So my first run in with seating charts spanned over 3 years ago. It was a memorable moment, as it was the very first time I realised that weddings can turn people batshit crazy. In this case it was not the bride, nor Bill’s blessed parents, but it was the amount of politics that surrounded what should just be a happy day.
I remember walking into what was supposed to be a relaxed family dinner. Bills family run an organic farm so we’re often spoilt by first class steak and dinner. With his usual bouncy “I can’t wait for mummy’s dinner” (yes he’s a total Mumma’s boy), we opened the door to horror. Where normally plated is a fresh salad and his mums homemade salad dressing, we found A3 paper, grey lead pencils and rulers scattered across the dinner table. It looked like an architect had been brutally attacked. I looked at Bill, and there was a look of fear in his brown eyes. He knew that his medium rare steak would be more than a few hours away and his mummy attention would be diverted, and it was far too late to escape.
Me on the other hand, I was intrigued. I like planning and there’s something about taking control of a situation that gives me that Christmas feeling. (I lead a sad life)
The problem at hand was a common one, and one I hear most brides agonising over. The amount of ‘social groups’ far outweighed the number of tables, and many groups would need to be split.
After many hours we came to the most politically balanced assembly of tables. The right level of snears and distance from past relationships. Billy finally got his steak, but I could tell he was weary and that our engagement had been pushed back another 6 months as a result of sitting through the ambush. Funnily enough, after that night, the other side of the family looked at the seating chart and it was brutally changed again. And yet another 4 hours was wasted on really pointless tasks which only drive stress and tension.
Here’s the part I giggle over, the groom always says he doesn’t care, “whatever darl, you do whatever works”. BUT, as soon as he looks over your shoulder he’s ALWAYS the first one with issues. “What did you do that for?! You can’t put Aunty Peg with Uncle Rod, they hate one another” or “Why did you split the cricket boys? Can’t we chuck your work friends on random tables?” ……. Ahhhhhh, bless. Remember ladies, deep breath in. Deep breath out. If you say one more word, I will stab you in the eye with this grey lead pencil.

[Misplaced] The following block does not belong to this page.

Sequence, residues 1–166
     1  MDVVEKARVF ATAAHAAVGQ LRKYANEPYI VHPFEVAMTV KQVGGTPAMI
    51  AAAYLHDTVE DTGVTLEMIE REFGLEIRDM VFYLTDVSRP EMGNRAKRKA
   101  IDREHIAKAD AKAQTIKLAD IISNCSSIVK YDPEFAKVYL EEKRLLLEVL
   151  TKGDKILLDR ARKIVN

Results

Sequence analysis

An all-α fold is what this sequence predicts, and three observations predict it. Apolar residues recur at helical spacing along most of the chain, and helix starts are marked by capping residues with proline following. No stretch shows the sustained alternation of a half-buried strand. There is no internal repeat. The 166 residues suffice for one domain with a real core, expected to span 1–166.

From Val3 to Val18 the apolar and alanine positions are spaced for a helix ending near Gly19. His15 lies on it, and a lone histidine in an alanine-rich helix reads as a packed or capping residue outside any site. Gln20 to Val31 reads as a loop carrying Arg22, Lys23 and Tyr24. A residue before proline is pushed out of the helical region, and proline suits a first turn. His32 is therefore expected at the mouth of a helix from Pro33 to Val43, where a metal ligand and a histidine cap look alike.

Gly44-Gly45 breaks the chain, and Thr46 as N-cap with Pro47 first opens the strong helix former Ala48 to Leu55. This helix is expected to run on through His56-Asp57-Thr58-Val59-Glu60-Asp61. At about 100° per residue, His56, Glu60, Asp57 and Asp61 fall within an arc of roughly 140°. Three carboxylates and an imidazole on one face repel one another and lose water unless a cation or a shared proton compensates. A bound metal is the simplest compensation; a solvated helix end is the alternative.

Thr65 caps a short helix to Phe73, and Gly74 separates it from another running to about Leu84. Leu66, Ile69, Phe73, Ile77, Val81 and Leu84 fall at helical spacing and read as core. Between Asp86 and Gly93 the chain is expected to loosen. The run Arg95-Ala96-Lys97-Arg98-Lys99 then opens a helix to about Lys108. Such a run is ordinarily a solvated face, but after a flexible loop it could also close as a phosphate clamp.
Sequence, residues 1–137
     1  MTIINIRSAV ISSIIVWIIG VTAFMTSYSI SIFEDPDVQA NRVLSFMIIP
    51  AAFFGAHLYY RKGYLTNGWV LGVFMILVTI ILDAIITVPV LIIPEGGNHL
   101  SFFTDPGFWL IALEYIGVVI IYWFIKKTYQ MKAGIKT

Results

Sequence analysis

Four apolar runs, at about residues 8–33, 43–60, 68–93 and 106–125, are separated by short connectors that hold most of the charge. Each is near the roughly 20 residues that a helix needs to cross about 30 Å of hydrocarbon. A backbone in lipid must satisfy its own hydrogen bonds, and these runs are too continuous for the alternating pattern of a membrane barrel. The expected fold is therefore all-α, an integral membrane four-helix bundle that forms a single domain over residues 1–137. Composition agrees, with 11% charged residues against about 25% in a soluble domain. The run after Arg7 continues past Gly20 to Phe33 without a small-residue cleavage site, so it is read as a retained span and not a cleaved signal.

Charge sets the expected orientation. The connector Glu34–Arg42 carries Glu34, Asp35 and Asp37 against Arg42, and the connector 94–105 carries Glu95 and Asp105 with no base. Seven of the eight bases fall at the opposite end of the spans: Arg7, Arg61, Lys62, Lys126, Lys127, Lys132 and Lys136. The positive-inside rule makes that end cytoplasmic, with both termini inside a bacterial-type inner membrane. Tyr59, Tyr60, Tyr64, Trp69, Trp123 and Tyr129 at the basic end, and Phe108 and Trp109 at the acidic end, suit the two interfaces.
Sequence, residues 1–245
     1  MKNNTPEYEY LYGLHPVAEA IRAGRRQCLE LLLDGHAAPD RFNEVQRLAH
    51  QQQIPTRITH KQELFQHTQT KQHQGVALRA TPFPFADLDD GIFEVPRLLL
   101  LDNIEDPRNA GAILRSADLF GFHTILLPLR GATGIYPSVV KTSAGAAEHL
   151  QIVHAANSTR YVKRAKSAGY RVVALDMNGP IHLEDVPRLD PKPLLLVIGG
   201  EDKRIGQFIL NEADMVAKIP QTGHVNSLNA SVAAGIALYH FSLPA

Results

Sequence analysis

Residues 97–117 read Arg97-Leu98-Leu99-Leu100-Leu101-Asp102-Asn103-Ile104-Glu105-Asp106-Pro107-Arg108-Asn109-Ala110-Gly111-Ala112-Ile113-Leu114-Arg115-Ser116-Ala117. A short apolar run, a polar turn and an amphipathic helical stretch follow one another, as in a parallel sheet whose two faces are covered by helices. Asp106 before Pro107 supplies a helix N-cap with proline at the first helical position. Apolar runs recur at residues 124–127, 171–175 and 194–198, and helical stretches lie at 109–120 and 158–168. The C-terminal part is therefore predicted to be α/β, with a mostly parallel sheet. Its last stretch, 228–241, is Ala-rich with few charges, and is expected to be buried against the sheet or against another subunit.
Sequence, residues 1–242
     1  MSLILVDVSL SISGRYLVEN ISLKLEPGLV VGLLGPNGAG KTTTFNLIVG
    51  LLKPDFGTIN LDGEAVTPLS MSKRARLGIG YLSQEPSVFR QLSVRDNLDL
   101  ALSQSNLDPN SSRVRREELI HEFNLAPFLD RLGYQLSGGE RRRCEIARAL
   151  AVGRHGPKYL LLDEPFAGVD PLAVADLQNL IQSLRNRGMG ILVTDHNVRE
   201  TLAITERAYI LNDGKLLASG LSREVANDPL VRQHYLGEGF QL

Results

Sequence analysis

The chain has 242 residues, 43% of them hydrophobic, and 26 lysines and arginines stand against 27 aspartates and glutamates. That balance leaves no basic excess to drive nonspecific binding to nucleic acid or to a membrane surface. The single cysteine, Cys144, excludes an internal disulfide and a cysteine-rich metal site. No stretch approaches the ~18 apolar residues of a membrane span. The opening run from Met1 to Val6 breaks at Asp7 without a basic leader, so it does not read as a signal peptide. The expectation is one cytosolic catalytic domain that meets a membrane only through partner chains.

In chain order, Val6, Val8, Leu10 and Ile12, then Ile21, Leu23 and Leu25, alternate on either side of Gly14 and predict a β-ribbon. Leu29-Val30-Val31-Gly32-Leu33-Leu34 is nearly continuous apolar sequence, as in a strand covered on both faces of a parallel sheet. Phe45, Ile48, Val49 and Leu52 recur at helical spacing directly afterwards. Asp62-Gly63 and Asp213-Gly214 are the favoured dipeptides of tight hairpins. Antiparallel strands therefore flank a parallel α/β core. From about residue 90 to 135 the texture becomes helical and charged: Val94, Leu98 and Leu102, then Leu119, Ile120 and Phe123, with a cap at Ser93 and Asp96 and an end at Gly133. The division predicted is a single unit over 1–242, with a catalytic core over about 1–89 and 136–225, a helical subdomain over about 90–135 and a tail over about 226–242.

So what’s the alternative?
I heard this idea recently and I absolutely love it. Here’s the riddle. You have 80 grown ups in one room. If they had to seat themselves do you think they would be able to figure it out? And, if they didn’t sit next to their sister, do you think it would kill them to talk to someone new? Isn’t that the whole point of weddings? Aren’t we all supposed to blend and celebrate together? Hmmmm it’s food for thought but I personally think it’s time we throw out the agonising seating charts and opt for a new age adult approach where we leave one another to figure it the fuck out. You can always get Nanna and Pa seated early with your mum, because every guest of honour deserves a bit of VIP service. And you know what, guests won’t complain, and if they do, they’ll also be complaining about the heat of the chicken and the sun in their eyes because it’s been 5 years since they socialised with a normal human.
So to future bride to be’s, throw out the tradition, shock your parents with your hippy ideas and do whatever the hell you want. Aunt Peg will survive, and Uncle Rod, well, stuff Uncle Rod, he’ll probably enjoy the opportunity to sit in between some of your 20 something year old work girlfriends and pretend he’s interested in their ‘careers’ while he blatantly stares at their boobs.
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